You’re teaching your usual class and it’s always completely packed (go you! But if it’s not – check out this article!). You’re doing a new mix and you kinda-sorta know it. It’s freezing cold, the mic is crackly and you’re wearing completely the wrong underwear and in the middle of teaching warm-up a member stomps up to the stage complaining it’s too cold. How do you deal with this without snapping and making a fool of yourself?
With so many variables at play in our classes: too hot/too cold, music too loud/too soft, people standing too close/in their usual spot, it is inevitable there are going to be tricky situations to manage on the fly (usually right in the middle of a track).
We spoke to some of our very own Les Mills Asia Pacific Staff and Instructors on their advice on how they best deal with conflict in class.
Amanda Breen, Director – People and Culture
Seriously, the times when I have managed situations effectively, usually relating to volume issues, it has always started with me pausing and saying a genuine “thank you for letting me know" - it just allows you to stay regulated and calm before responding. I often use some kind of group involvement also, like a “can I just get a show of hands if you're finding the music/microphone is too loud?” Then a polite but assertive gesture to where the speakers are and reminder that the sound will be louder at those parts of the room so consider this when choosing a spot in their next class.
Deb Rock, Instructor Specialist
As an RPM instructor I regularly get conflict over someone taking MY bike. What I say to them is why don’t you try a new bike for a different ride, different perspective and to challenge yourself on a bike you're not 'comfortable' with.
Julijana Desa, Finance Officer
Be kind! You just don't know what kind of day the member has had. They may be going through a tough time and use group fitness as an escape, but their brain, full of 1000 thoughts, can't establish what is or isn't appropriate behaviour.
Wendy Elphinstone, Trainer and Presenter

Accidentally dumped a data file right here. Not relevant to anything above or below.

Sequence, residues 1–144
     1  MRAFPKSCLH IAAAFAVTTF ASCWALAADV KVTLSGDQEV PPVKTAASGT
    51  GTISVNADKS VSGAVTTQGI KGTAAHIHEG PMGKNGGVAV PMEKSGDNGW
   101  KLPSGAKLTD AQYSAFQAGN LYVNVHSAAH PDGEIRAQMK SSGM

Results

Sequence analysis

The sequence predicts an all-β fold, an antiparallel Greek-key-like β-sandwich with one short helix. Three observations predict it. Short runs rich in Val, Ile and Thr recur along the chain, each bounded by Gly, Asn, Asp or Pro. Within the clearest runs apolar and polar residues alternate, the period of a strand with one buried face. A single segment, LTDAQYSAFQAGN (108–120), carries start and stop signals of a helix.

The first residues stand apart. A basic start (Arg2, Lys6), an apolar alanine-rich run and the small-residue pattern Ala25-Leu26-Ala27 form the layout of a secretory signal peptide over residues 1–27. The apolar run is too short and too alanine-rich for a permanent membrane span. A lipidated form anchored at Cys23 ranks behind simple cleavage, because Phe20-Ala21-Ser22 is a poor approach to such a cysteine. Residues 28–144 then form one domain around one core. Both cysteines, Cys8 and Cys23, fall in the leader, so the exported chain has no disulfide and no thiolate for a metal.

When on their phone; I ask them if they’re on Tinder right now or on Facebook? If it’s Facebook I tell them to check in to this class please and say it’s the best class ever!
Dee McNeill, Head Trainer
I tell arguing members that if they would like to argue to take it outside, or to come and see me at the end to discuss. I then make a choice (for example air-con on/off) and invite people to choose a different position in class if they don't like the one they have. I then state that we are starting, so if anyone isn't here to train they should exercise an alternative option. Conflict over, class on.
Audrey Woo, Instructor Specialist SEA
Ask any Group Fitness Instructor what annoys them most and lateness is always at the top of the list! As a Body Pump Instructor, I will advise my members who shows up late to class to be on time as not to disrupt the rest of the members. Plus, they will miss the most important part of the class – the warm-up!
Riyo Fukunaga, Training and Events Coordinator SEA
The most common thing that happens in my BODYBALANCE class is, late comers not having enough space to place their mats hence the ones already there have to move their mats around to accommodate them. Obviously, those who came earlier are not happy. What I usually do is tell them to say thank you if someone moves the mat (in a funny way of course)! Then I get a few smiley faces and the rest goes all good!
We hope these tips have given you some humorous (and helpful) ways to deal with conflict that may arise in class. Our number one tip is, above all, make sure you are dealing with situations in a kind, friendly and professional manner.
How do you deal with conflict in your classes?